So I’m lurking around on one of the more notorious audio message boards (you know the one, rhymes with “deer butts”) and I am checking out some of the buzz over an unreleased plug-in currently in development  (I wont mention the plug-ins name because I have no gripe with the developers and actually think it could be an interesting piece of software). Anyway, the usual listening tests, commentary and e-peen measuring ensued, the trolls came out with their  classic “null tests,” everything played out as expected, business as usual.

The bulk of the responses to this new plug-in were surprisingly positive, like I said, I think it could be a cool addition to a mixers toolkit but I won’t know for sure until I actually try it. But what amazed me the most was the number of posts from people fretting over the pending release date and how they would have to hold off on all their mixing projects until it came out, and we’re talking weeks not days. Site unseen, holding back mixes for something that isn’t even available to demo because of two audio samples created by the company that is selling the product sound, “pretty good.” Are you serious? I can’t believe how people continue to not get it, believing that their mixes suck solely because of their lack of some “magic bullet,” that once obtained, will allow them to transcend space-time and instantly become a better mixer; a mixer with taste, vision and a command of esthetics. By the way these posts we’re laid out you’d think Pfizer was in clinical trials with a pill for creative inspiration, “Creativia® – the viagra for your other brain.”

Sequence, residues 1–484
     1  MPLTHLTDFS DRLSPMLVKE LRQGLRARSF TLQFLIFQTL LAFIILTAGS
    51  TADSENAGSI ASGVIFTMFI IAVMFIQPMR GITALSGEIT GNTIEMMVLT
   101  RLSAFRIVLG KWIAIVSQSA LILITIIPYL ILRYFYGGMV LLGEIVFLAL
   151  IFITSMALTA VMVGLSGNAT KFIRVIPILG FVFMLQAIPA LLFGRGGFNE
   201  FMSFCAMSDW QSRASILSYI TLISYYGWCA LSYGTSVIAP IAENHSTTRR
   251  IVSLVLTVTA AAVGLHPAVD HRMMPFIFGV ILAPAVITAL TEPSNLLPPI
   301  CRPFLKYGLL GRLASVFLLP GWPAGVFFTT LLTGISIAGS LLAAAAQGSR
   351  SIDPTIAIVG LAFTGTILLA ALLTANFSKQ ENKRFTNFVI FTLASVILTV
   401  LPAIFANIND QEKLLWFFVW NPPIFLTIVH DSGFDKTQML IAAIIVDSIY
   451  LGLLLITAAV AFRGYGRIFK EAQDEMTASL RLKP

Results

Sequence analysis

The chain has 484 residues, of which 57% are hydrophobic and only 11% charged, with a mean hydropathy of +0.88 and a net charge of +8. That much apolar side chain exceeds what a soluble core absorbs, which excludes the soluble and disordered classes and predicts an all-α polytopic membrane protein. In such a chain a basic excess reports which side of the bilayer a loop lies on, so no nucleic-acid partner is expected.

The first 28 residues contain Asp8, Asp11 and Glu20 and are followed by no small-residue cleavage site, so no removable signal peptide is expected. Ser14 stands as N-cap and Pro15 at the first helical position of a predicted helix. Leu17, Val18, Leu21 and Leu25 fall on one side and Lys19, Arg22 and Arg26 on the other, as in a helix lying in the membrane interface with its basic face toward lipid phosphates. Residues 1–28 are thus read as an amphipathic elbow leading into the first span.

I could understand the first few times an amazing new plug-in or technology was announced that people might adopt this mentality, but common, the industry has been getting over on audio engineers for years with this kind of marketing bravado.  It is almost like the latest plug-in is advertised and hyped like it was the latest weight loss scheme, and people are so afraid of accepting reality. Writing, recording, producing, mixing and mastering great music takes a lot of trips to the old wood shed. Practice, patience, and time to develop sensible tastes and understand the big picture. If a musician told you, “I have the most incredible song in my head, but I’m waiting for my new guitar to ship before I work it out,” you would probably laugh at them. Better yet, if an unhealthy, overweight friend told you, “I’m waiting for this new diet book to be released next month before I start trying to lose weight,” you would probably just shake your head in disbelief.  Waiting to work on a mix for a plug-in you haven’t even demoed, let alone learned and integrated into your workflow is just a shame. Placing these kinds of artificial limitations on yourself will only perpetuate the idea that there is a magic bullet out there and you will end up just waiting some more when the next plug-in in announced.